Tourism is closely related to the environment, a limited asset which has to simultaneously provide ecological functions that are vital for the survival of ecosystems, and services that are essential to human activities. The natural environment provides the physical territorial context in which tourism is developed and a significant portion of the resources required to support the tourism production process of any destination (basic resources such as water and power, and others that are available for tourism and recreational use), and receives much of the waste resulting from production and consumption (Riera, 2009). Indeed, the natural environment and climate have always been considered two of the principal competitive advantages of any tourism destination or business.
Traditionally, the main concerns regarding the relationship between tourism and the environment have focused on the role that the development of tourism might be able to play to help improve the effectiveness of the management of ecologically sensitive areas and the preservation of unique environments (both basically cases of protected areas). In recent years, however, interest has shifted to the analysis of the impact that tourism can have on the environment as a result of exorbitant increases in the use of resources. These concerns include climate change, depletion of natural resources, and loss of biodiversity.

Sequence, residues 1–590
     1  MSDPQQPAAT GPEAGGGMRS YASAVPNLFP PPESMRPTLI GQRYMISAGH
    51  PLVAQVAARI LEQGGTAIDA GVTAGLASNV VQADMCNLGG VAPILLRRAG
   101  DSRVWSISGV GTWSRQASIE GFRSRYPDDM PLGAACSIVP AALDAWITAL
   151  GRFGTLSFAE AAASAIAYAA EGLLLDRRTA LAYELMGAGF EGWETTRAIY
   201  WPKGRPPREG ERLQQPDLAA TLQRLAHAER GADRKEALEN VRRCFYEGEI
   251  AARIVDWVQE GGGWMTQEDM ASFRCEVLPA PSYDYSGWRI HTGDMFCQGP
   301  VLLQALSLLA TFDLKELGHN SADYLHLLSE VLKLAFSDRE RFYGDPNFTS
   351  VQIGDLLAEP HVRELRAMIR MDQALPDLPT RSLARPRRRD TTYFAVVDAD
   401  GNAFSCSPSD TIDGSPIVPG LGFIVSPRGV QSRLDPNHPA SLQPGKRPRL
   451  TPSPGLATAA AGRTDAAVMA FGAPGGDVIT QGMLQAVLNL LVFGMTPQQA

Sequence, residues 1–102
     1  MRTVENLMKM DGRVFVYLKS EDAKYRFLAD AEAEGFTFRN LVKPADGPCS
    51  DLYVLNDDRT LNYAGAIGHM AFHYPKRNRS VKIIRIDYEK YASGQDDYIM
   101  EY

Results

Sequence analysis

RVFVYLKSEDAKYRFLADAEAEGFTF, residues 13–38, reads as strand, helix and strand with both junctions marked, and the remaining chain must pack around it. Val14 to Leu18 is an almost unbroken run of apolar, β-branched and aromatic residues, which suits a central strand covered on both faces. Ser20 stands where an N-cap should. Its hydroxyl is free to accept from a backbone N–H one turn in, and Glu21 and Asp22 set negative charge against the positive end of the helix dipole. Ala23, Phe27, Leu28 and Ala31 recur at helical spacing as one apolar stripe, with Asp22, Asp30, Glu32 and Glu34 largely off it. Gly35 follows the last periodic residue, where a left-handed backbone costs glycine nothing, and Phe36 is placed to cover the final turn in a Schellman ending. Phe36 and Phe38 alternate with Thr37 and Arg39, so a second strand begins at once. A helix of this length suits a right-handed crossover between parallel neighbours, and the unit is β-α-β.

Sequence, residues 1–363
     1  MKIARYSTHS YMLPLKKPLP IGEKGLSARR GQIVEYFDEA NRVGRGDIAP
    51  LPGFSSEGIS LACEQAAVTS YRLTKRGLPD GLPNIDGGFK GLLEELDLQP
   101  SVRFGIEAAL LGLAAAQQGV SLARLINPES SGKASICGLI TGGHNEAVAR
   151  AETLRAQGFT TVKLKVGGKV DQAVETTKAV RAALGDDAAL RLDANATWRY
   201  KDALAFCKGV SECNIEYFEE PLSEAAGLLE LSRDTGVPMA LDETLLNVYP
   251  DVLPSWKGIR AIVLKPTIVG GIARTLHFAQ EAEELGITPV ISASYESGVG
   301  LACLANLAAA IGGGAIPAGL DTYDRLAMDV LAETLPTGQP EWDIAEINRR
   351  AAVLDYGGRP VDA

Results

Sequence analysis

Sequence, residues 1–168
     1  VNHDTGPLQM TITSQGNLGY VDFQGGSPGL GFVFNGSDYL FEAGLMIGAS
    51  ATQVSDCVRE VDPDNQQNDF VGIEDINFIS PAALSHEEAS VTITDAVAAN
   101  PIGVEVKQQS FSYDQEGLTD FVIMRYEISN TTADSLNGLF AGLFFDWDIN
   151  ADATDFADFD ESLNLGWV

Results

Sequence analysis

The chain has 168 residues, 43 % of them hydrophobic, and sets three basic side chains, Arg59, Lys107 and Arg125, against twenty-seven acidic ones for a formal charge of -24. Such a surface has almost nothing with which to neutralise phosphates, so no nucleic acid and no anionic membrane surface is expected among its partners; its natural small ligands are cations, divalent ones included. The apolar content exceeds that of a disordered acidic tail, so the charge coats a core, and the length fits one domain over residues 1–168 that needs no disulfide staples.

Concern in the field of tourism about the effects of climate change and global warming has been very late in making itself felt (Pulido, 2008). Perhaps the fact that it is a global phenomenon and that its impacts respect no frontiers led to people forgetting that its main effects will be local and regional – rise in sea level, changes in ocean currents, melting glacier and polar ice, loss of snowpack, increased heat indices and high daytime temperatures, and changes in rainfall patterns (Viner & Nicholls, 2006). The foreseeable repercussions of climate change on tourism can be summarized in four main areas (Pulido, 2008: 110-111):